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Title: Intersection types and higer-order model checking
Author: Ramsay, Steven J.
ISNI:       0000 0004 5349 9562
Awarding Body: University of Oxford
Current Institution: University of Oxford
Date of Award: 2014
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Higher-order recursion schemes are systems of equations that are used to define finite and infinite labelled trees. Since, as Ong has shown, the trees defined have a decidable monadic second order theory, recursion schemes have drawn the attention of research in program verification, where they sit naturally as a higher-order, functional analogue of Boolean programs. Driven by applications, fragments have been studied, algorithms developed and extensions proposed; the emerging theme is called higher-order model checking. Kobayashi has pioneered an approach to higher-order model checking using intersection types, from which many recent advances have followed. The key is a characterisation of model checking as a problem of intersection type assignment. This dissertation contributes to both the theory and practice of the intersection type approach. A new, fixed-parameter polynomial-time decision procedure is described for the alternating trivial automaton fragment of higher-order model checking. The algorithm uses a novel, type-directed form of abstraction refinement, in which behaviours of the scheme are distinguished according to the intersection types that they inhabit. Furthermore, by using types to reason about acceptance and rejection simultaneously, the algorithm is able to converge on a solution from two sides. An implementation, Preface, and an extensive body of evidence demonstrate empirically that the algorithm scales well to schemes of several thousand rules. A comparison with other tools on benchmarks derived from current practice and the related literature puts it well beyond the state-of-the-art. A generalisation of the intersection type approach is presented in which higher-order model checking is seen as an instance of exact abstract interpretation. Intersection type assignment is used to characterise a general class of safety checking problems, defined independently of any particular representation (such as automata) for a class of recursion schemes built over arbitrary constants. Decidability of any problem in the class is an immediate corollary. Moreover, the work looks beyond whole-program verification, the traditional territory of model checking, by giving a natural treatment of higher-type properties, which are sets of functions.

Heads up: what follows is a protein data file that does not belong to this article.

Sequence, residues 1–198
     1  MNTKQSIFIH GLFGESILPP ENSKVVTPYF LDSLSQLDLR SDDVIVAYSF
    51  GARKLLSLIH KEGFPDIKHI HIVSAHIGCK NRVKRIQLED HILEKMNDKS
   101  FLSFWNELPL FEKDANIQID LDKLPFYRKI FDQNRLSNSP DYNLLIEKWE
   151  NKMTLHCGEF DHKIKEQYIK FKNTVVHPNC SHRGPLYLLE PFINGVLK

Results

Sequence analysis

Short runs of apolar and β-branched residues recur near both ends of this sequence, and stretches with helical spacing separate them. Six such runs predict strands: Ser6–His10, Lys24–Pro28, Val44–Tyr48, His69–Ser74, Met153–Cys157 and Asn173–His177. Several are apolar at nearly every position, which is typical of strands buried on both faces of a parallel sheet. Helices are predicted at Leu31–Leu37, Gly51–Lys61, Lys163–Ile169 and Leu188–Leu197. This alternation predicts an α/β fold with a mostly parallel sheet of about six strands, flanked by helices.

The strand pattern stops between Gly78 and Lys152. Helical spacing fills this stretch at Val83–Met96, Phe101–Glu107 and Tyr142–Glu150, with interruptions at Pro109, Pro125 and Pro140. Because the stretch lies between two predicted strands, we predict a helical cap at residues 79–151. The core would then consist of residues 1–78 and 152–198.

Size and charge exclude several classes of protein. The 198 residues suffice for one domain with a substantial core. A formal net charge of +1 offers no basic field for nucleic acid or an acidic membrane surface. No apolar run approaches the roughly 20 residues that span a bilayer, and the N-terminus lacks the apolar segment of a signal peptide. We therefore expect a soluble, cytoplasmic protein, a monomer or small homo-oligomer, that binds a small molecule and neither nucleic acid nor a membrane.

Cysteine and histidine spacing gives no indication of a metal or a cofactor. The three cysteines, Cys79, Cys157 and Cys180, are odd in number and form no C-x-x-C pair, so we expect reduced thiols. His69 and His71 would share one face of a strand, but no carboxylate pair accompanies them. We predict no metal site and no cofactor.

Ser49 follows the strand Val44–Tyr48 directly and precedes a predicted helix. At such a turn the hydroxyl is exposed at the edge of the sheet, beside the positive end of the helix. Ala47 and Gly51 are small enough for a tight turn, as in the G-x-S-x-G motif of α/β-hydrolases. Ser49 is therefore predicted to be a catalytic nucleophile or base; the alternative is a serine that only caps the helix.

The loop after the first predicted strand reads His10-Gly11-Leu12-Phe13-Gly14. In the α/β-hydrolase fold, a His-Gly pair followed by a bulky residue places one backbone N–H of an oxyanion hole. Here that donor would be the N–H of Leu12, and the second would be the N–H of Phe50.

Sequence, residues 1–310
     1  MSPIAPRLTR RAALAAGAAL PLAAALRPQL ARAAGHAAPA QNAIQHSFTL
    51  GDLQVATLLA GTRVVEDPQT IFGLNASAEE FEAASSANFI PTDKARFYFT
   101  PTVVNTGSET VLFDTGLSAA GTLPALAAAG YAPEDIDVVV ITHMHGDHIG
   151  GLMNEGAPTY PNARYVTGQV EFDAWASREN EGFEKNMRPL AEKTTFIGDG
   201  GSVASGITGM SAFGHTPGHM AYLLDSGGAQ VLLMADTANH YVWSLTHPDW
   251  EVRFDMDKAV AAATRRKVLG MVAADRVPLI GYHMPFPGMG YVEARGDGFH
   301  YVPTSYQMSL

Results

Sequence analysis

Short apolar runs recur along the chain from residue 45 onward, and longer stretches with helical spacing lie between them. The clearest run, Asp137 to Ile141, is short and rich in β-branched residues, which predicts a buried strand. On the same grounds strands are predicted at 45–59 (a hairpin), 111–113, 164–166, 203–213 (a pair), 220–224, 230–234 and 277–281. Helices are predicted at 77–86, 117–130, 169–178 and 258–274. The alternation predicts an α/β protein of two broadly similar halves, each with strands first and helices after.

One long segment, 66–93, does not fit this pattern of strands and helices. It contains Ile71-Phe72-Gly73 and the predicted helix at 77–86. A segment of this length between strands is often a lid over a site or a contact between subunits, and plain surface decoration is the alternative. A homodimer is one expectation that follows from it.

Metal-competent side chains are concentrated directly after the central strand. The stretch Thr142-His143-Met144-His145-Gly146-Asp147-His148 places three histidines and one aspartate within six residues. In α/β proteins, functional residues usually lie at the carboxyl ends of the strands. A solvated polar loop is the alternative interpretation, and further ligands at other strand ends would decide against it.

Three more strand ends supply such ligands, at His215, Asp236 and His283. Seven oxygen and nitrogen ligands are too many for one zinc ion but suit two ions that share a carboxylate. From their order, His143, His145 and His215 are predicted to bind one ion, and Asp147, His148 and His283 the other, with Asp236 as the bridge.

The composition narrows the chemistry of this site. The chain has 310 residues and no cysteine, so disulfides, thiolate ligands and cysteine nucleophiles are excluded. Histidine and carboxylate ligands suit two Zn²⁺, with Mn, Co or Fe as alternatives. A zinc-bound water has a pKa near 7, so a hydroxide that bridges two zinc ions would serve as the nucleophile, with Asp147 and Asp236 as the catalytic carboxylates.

Supervisor: Ong, C.-H. Luke Sponsor: Engineering and Physical Sciences Research Council
Qualification Name: Thesis (Ph.D.) Qualification Level: Doctoral
EThOS ID:  DOI: Not available
Keywords: Theory and automated verification ; software verification ; intersection types ; model checking